To offer the other point of view (surprise, surprise), what is the Server Fault community supposed to be? I was under the impression that it was "by sysadmins, for sysadmins" (or some approximation thereof).
I can't help but be reminded of grade school when I see people getting into a tizzy about the "language" in
Your boss doesn't know his ass from an SMTP relay. (Oh noes, he said the "ass" word!!) Or the redaction of "damn well," "#$&^ing," or "unreasonably dumb users". Seriously, I've not seen so much made of mildly sharp/blue/coarse language or "name calling" since I was 8 or so, and I can't help but wonder how it's "professional" to make a big deal out of language that's commonplace amongst just about everyone who's hit puberty.
Furthermore, this being a Q&A site for sysadmin colleagues to help each other out, there's absolutely nothing wrong with pointing out that the problem is a stupid boss who doesn't understand the concept of a firewall, unreasonably stupid users who reboot a machine every time they get a pop-under dialogue, or an idiot auditor who wants a list of plaintext passwords. In fact, especially when the problem is a wetware fault/layer 8 problem/luser, rather than a technical problem, dancing around the root of the problem (stupidity) will only exacerbate the issue, and there's no reason colleagues shouldn't be able to express that to each other without mincing words.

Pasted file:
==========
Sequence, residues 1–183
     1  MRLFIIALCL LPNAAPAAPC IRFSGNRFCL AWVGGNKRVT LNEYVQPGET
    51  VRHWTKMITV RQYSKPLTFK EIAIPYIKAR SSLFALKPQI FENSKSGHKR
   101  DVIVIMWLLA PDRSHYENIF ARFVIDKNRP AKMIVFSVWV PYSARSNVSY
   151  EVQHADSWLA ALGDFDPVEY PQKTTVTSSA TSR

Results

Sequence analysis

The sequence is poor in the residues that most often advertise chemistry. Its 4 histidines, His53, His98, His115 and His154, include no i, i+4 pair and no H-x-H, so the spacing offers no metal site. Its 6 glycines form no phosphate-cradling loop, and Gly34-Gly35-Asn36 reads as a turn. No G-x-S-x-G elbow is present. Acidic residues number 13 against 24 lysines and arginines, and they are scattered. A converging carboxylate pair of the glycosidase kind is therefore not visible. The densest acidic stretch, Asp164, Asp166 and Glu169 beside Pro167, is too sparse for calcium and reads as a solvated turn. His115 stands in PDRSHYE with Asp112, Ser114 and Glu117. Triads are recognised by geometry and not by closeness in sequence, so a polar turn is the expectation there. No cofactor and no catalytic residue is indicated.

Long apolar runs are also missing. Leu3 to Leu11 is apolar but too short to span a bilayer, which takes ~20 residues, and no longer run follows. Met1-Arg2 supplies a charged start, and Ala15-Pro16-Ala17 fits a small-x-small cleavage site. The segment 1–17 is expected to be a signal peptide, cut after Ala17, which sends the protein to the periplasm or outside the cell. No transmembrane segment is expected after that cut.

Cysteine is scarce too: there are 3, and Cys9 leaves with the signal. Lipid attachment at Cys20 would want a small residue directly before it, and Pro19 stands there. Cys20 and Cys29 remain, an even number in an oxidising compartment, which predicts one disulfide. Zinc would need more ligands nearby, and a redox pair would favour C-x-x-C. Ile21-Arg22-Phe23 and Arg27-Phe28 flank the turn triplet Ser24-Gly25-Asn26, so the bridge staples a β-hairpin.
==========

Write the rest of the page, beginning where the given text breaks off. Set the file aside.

Yes, it's unprofessional to tell a user or manger that he/she is stupid, but that's not what's happening here. An online Q&A for sysadmins to help each other out is not the same thing as a written report you file for the suits, or a customer service conversation with a user, or a meeting with the boss. It's akin to a discussion amongst technical peers... technical peers, who, let's not forget, have a well-earned reputation for being insensitive and using sharp language. So, who are we worried about offending here, and for what reason should we have our internal filters set to maximum? After all, it's not like we're seeing f-bombs flying all over the place, or vulgar sexual references - we're discussing a relatively common idiosyncratic phrase used to describe someone's ignorance.
It's one thing to apply the filter and worry about offending other groups of people at work, when you're A) paid for it and B) actually around others who don't share the mindset and priorities of techies, but it's entirely another thing to do it absent those factors. (Again, why, and for whom?) I also can't help but wonder how ServerFault expects to attract sysadmins if they're expected to do the things that generally drive techies nuts (prioritize politics and tact over factual statements, filter/censor their thoughts, and mince words).
And finally, if there's really no place for mild expletives (as seems to be the prevailing point of view, based on the votes and comments), implement a simple word filter and be done with the drama. As I said earlier, having a discussion over whether or not "ass" is ever appropriate strikes me as far more unprofessional and juvenile than actually seeing the word "ass" used.